Sideways

I am a big skeptic of putting the 2 people with the least ability to assess a situation in charge of the system’s response to a reported emergency, but until we change things they can only code what they are told, right?  And the caller is never, ever, EVER, wrong.  Especially when describing technical rescue.

 

THE EMERGENCY

A caller is reporting he has fallen over 50 feet and is unable to walk.

 

THE ACTION

I had to read it twice too.  First party caller has fallen 50 feet, unable to walk.  Should be unable to do most things after that fall, especially when he would have hit the ground at a decent pace, then suddenly stopped.  Stranger things have happened, right?

The dispatch rounds out, after us in the engine, the truck, medic, Battalion Chief and Captain, with the Rescue Squad.  Further questioning suggests the patient is trapped.  Never before have I wanted the TV version of EMS to be true so they could patch me directly through to the caller and figure this all out.

 

Arriving on scene my firefighter and driver are grabbing some hand tools and a long spine board when we all look around the address for a second, an old habit of sizing up burining buildings.  None of the surrounding structures, trees, even light poles are more than 20 feet off the ground.

Something doesn’t smell right.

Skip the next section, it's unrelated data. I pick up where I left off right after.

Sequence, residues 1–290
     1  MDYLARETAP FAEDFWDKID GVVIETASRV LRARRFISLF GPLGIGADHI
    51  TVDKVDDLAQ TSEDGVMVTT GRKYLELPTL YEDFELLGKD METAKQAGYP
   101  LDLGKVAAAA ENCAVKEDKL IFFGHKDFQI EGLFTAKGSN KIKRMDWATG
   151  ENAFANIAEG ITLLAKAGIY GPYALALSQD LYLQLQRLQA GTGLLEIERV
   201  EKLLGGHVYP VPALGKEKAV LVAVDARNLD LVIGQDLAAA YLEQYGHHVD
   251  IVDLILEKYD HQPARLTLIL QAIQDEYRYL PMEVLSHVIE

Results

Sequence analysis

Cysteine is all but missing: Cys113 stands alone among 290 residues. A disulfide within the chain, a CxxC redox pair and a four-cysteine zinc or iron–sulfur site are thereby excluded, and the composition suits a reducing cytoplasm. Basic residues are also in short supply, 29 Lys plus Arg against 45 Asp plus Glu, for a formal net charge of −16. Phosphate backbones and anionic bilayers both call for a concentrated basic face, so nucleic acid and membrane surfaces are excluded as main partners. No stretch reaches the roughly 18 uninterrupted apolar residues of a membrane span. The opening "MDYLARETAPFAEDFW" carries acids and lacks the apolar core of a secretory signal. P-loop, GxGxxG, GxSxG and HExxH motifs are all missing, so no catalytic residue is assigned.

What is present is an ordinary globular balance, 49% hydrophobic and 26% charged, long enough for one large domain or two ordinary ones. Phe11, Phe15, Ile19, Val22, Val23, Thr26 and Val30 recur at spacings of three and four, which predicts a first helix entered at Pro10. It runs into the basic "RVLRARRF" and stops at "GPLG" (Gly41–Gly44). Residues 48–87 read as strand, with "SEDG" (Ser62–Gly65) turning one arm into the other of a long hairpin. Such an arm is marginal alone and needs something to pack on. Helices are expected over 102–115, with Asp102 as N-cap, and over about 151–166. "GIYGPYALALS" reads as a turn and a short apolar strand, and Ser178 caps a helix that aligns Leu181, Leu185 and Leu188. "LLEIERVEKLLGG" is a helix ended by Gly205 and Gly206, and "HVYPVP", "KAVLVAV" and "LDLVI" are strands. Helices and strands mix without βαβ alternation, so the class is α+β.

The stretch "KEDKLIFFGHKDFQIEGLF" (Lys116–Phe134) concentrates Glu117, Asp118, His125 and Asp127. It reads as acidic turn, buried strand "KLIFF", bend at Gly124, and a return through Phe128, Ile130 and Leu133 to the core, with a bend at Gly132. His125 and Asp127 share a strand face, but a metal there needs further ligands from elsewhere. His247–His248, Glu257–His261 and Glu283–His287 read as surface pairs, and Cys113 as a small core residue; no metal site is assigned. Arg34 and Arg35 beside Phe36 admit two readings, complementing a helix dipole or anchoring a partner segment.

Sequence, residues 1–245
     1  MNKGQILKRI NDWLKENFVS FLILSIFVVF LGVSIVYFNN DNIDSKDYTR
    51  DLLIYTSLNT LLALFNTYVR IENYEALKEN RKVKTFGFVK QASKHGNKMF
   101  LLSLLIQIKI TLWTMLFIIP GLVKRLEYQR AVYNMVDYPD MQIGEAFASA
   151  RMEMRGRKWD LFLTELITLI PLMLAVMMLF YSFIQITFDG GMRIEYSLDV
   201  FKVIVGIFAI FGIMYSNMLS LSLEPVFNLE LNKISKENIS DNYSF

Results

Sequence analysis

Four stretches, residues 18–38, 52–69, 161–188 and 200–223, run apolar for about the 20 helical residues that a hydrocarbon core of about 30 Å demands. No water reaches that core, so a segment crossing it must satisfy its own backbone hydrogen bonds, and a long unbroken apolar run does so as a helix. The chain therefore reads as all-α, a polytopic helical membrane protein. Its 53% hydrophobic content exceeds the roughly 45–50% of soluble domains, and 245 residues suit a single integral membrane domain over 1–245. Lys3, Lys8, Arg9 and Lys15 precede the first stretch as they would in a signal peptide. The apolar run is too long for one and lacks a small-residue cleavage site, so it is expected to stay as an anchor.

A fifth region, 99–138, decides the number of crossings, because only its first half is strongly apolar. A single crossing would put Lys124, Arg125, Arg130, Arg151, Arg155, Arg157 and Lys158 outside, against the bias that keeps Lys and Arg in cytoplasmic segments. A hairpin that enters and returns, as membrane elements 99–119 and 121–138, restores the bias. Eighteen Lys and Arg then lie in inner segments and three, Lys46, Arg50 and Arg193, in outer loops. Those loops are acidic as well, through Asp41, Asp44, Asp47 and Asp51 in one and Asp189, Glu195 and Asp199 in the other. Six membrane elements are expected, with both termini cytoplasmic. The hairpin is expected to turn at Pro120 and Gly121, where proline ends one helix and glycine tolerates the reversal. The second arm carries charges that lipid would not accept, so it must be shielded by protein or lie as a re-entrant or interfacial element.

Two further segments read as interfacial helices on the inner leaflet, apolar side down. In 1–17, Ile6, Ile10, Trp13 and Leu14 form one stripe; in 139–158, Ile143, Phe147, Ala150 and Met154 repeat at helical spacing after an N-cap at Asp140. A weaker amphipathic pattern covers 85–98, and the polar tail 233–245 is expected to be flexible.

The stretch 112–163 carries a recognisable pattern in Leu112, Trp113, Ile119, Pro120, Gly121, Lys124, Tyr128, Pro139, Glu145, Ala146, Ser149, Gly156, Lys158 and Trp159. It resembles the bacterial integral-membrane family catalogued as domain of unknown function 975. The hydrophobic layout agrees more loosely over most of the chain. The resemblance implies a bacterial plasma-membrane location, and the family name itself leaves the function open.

The balance of the assignment arrives as we head inside, ready to treat trauma.

We found drama.

A middle aged man is sitting on a chair still on the cell phone with the call taker, no apparent injuries.  He is inside a single story building and the folks standing around him seem confused as to why so many firemen have arrived.  The rest of the units are cancelled as we begin to learn the tale of the “long fall.”

This gentleman tripped on the sidewalk and would like to know who he can complain to after we take him to the hospital.

“Why would you goto the hospital?” I asked, already knowing it was a mistake.

“For my injuries, of course.  I must be hurt if the ambulance took me in.  I’m on disability already and can’t be expected to get around on my own all the time.” Was his response as his cell phone rang.

The caller on the other end wants to speak to “whoever is in charge over there” and I LOVE these calls so as the EMT confirmed the appearance of non-injury I spoke to the patient’s wife who also heard what our call taker heard.

“He says he fell 50 feet!  He needs to be taken to a hospital or something, he could die!”

“Sir?” I was embarased it took me this long to put 2 and 2 together, “Where did you trip on the sidewalk?”

“50 feet up the block!  I couldn’t walk!  Go look at that crack!”

He kept giving the distance TO the fall, not OF the fall, hence all the confusion. GIGO.

After refusing to listen to our reassurances that an ambulance ride was not only unnecessary but would end up costing HIM money, he was taken to the local ED “to get checked out.”

While loading up the gear the engine boss decided to go have a look at the crack in the sidewalk that could end up being a killer.  About 25 feet up the sidewalk we saw a slightly raised seam that someone could indeed trip over.

So we taped it off.

Tragedy averted.

 

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